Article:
The issues that challenge Hyattsville’s city budget are nearly universal: tax rates, retirement expenses and what to cut when there’s not enough money for everything. Some decisions have been made that create the framework and other questions need to be resolved before the council can pass the budget for FY 2014, which begins July 1.
The six new members, seated on May 20, have plunged in and joined the four incumbents in tackling difficult issues. Joseph Solomon (Ward 5) estimates that by early June, they had already logged 16 to 20 hours of formal meetings, most of it related to the issues discussed below.
First and foremost, in the May 20 meeting following the swearing-in ceremony, the new council voted by a narrow margin to keep the current real estate tax rate at .63 per $100 of assessed value. This will amount to a tax decrease for homeowners whose assessments have fallen. Councilmember Patrick Paschall (Ward 3) estimated at the June 6 meeting that the average Hyattsville resident will pay 10 to 13 percent less in taxes this year.
Lower assessments translate into a loss of tax revenue of over $1 million for the city. In subsequent meetings, some on the council questioned the wisdom of keeping the tax rate at the same level it’s been for nearly a decade. That rate, which is lower than some nearby municipalities, may be adjusted next year.
Obligations on Retiree Benefits
In addition to falling revenue, the current council faces the ongoing issue of expensive retiree health benefits, (or Other Post-Employment Benefits, OPEB) which are costly to the city and higher than those of similar communities. The city is behind in its savings for liabilities it is currently facing and liabilities continue to grow. At its June 3 meeting it appeared that the council was coalescing around two potential solution either of which would cut the annual cost from $972,000 to less than $500,000.
As councilmember Shani Warner (Ward 2) noted in the June 3 meeting, “Either one would be very much a compromise.”
The proposals (variations of which were described in the March HL&T), all envision reducing the level of benefits for future retirees, but deal differently with when employees would become eligible, whether spouses are covered, and which employees are grandfathered into the old plan. Paschall articulated a sentiment many councilmembers expressed when he said, “What I’d like best is grandfathering everyone in, but I don’t like how much it costs.”
Even when other specifics are settled, the question remains of how quickly to pay down current obligations that have accumulated over the past several years as the city has failed to fund its liabilities.
Mayor Marc Tartaro has been seeking movement on this thorny issue since he took office in 2011. He has advocated paying these liabilities over five years, though the budget he proposed has it being paid over eight years. The council is looking at budget implications of spreading the payback out over 10 years. Says councilmember Tim Hunt (Ward 3), “Making a decision on how we’re paying back past liability has to go hand in hand with our current situation.”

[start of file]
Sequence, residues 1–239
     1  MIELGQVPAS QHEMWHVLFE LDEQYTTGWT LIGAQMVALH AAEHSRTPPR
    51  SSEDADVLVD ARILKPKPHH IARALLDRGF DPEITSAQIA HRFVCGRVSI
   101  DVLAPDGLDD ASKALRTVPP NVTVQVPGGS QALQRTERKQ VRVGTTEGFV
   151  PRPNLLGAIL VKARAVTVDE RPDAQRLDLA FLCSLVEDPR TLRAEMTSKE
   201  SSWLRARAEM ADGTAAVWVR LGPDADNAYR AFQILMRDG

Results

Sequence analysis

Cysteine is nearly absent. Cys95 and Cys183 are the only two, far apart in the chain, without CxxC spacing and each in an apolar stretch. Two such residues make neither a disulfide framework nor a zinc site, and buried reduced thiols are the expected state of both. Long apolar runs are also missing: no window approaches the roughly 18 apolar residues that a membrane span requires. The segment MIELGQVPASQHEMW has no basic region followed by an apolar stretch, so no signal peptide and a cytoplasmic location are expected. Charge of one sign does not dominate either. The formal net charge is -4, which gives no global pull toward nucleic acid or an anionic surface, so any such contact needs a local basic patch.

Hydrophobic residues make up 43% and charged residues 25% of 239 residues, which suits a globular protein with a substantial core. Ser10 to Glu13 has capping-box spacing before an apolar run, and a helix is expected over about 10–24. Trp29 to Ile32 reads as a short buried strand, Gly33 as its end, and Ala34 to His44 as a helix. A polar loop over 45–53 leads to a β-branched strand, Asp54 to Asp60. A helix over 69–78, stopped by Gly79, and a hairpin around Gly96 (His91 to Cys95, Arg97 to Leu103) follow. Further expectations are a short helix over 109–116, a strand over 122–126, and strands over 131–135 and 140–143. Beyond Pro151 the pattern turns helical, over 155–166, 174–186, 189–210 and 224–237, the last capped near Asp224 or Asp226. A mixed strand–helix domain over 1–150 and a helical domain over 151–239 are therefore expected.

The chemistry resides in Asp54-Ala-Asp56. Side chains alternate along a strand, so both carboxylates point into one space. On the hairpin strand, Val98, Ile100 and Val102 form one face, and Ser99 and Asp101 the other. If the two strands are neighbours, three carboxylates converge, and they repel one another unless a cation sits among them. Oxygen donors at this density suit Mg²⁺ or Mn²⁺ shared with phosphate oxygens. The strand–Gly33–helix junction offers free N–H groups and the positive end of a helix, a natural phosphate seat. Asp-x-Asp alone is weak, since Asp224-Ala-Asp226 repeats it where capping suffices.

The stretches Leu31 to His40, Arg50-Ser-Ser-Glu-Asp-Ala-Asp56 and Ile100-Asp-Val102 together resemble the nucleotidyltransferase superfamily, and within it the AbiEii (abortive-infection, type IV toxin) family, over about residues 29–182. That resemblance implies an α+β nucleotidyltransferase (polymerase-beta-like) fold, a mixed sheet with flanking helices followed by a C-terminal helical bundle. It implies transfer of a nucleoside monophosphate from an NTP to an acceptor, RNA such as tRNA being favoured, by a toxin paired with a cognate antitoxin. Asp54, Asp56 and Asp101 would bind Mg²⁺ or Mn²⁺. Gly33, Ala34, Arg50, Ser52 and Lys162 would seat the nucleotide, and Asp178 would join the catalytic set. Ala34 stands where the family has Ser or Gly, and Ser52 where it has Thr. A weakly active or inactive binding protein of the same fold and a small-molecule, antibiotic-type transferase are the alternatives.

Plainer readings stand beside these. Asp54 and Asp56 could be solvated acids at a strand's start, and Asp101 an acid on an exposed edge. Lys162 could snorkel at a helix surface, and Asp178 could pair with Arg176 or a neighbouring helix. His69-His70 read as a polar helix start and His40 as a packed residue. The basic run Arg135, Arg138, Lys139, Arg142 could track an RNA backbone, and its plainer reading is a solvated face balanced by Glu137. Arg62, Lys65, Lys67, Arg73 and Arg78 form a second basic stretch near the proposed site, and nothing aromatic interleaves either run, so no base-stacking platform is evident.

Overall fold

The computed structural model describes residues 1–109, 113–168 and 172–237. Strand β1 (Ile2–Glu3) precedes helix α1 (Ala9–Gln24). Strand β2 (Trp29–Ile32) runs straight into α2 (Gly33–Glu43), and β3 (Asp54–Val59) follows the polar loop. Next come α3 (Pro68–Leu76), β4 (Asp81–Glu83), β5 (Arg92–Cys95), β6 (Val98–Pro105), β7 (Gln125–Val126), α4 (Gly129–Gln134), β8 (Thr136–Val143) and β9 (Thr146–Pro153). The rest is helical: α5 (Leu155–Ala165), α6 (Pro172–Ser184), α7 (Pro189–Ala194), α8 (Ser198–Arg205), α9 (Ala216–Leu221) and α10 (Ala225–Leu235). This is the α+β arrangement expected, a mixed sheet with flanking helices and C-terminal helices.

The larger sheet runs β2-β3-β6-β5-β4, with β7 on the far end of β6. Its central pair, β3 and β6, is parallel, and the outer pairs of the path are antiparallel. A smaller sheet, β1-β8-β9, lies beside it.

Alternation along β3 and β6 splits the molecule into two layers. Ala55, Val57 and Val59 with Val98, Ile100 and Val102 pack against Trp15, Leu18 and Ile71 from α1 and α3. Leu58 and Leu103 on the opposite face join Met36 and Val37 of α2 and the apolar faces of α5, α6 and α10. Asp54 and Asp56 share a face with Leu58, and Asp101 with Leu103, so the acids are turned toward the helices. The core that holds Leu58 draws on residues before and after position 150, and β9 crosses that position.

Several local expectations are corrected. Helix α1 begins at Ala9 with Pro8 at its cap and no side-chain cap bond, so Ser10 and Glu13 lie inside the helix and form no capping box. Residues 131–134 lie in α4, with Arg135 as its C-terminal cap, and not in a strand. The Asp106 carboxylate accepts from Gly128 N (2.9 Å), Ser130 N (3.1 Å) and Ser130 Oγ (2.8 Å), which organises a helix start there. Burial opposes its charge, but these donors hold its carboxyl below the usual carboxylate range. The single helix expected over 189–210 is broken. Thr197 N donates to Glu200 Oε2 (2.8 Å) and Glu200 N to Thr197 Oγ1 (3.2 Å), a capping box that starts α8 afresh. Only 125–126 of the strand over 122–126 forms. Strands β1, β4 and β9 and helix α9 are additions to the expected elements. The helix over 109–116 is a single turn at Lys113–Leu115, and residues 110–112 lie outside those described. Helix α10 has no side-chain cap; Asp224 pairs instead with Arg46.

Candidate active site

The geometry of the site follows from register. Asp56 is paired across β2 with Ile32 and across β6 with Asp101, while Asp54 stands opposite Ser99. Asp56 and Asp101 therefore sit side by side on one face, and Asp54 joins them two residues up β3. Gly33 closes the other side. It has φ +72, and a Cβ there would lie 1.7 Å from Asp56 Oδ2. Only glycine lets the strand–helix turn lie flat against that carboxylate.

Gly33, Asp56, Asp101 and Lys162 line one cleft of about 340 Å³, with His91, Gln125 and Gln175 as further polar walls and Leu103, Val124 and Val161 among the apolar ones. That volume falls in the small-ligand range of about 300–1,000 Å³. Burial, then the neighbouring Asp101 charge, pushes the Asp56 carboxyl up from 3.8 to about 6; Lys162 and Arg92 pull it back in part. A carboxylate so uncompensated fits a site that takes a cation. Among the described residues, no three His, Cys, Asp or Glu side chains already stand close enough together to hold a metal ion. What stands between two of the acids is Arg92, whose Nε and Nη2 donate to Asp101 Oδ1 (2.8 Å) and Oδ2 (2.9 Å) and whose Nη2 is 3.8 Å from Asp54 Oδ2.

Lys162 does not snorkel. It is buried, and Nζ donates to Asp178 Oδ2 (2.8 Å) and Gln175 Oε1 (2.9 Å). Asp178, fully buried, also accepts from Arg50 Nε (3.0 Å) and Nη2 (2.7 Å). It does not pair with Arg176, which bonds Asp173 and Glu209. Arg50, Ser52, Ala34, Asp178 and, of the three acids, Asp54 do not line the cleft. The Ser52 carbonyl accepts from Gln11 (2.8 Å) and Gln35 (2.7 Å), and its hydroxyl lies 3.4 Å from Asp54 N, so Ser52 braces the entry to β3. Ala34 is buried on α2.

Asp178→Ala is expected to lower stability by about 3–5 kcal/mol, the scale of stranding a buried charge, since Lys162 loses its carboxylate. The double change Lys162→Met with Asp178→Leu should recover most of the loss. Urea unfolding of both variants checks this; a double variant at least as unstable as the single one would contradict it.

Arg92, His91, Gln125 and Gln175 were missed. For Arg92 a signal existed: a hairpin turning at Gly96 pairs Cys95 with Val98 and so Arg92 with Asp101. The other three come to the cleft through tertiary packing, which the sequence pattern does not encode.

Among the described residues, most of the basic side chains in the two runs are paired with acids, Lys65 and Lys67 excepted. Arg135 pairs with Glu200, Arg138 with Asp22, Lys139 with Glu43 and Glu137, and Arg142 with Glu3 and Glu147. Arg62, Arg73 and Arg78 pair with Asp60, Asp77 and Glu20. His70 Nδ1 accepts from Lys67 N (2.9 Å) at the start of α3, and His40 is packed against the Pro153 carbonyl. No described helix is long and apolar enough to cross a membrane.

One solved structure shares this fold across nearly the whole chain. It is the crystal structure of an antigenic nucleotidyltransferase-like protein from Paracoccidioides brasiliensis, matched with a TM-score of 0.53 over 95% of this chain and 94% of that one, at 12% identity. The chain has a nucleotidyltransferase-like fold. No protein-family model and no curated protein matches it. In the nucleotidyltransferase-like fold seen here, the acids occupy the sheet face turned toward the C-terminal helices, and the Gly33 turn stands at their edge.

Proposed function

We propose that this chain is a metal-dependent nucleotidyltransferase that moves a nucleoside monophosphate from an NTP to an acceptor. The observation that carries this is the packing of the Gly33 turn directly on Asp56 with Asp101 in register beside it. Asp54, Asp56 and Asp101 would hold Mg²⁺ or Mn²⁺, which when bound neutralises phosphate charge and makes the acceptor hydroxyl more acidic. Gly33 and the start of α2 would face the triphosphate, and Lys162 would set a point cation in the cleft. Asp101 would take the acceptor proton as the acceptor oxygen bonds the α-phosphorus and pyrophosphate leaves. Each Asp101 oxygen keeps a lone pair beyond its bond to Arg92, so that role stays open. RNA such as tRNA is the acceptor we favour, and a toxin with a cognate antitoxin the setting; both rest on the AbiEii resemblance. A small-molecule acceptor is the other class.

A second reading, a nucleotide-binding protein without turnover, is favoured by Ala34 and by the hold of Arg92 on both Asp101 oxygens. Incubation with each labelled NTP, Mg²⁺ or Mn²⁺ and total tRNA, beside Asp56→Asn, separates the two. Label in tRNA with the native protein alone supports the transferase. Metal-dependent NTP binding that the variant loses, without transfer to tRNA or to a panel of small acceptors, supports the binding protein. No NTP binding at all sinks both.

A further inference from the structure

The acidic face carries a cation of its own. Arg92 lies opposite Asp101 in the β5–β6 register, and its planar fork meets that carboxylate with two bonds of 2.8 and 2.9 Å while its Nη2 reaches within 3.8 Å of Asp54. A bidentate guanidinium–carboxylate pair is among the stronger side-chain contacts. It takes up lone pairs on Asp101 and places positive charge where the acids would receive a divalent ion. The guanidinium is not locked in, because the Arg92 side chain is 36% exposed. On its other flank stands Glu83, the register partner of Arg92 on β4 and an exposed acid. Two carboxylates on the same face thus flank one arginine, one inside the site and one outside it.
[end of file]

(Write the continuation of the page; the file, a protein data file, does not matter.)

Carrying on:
What may be cut
In any scenario, however, expenses across the city will need to be cut. “This year we’re looking at a difficult situation,” noted Paschall at the June 3 meeting, “We’re looking at a significant shortfall.”
As the impending deadline approaches, city directors will be presenting the council with proposed cuts in their departments at meetings throughout the month. Discussion on one such item, relatively small in terms of the overall budget, illustrates the complexity behind the compromises.
Department of Community Services Director Abby Sandel identified the cost of a traditional International Festival as one item to consider removing from the budget at the May 22 meeting. The West Hyattsville event (which was not held in 2011 and replaced by a poorly attended Handmade on Hamilton festival in 2012) was expensive for the city because its typical Saturday date meant the city was required to pay overtime for both police and public-works employees.
The initial suggestion to replace the event with a series of three less-costly outdoor film screenings met some opposition from that area’s representatives and some residents. A new compromise was introduced by Sandel at the June 7 meeting: to host the National Night Out Against Crime to Hamilton Street rather than at Magruder Park. Because this event is held in August cold won’t be a factor, and the established event with sponsors would save money for the city. Sandel also noted that by closing the streets on a Tuesday rather than Saturday, it would require lower overtime costs for staff and less impact on the businesses there.
Councilmembers generally seemed supportive of this compromise, but like many other budget decisions, the final verdict is not in. Solomon and fellow new member Eduoard Haba (Ward 4) voiced strong opposition to losing the identity of the International Festival, suggested combining the best elements of both events rather than replacing one with the other.
The outlook is hopeful for the resolution of these issues. “We are a group with a positive working relationship outside the council chambers,” notes Solomon, adding that the respect the members holds for each other is also important. “This makes it extremely easy to share and readily understand each others’ perspective.”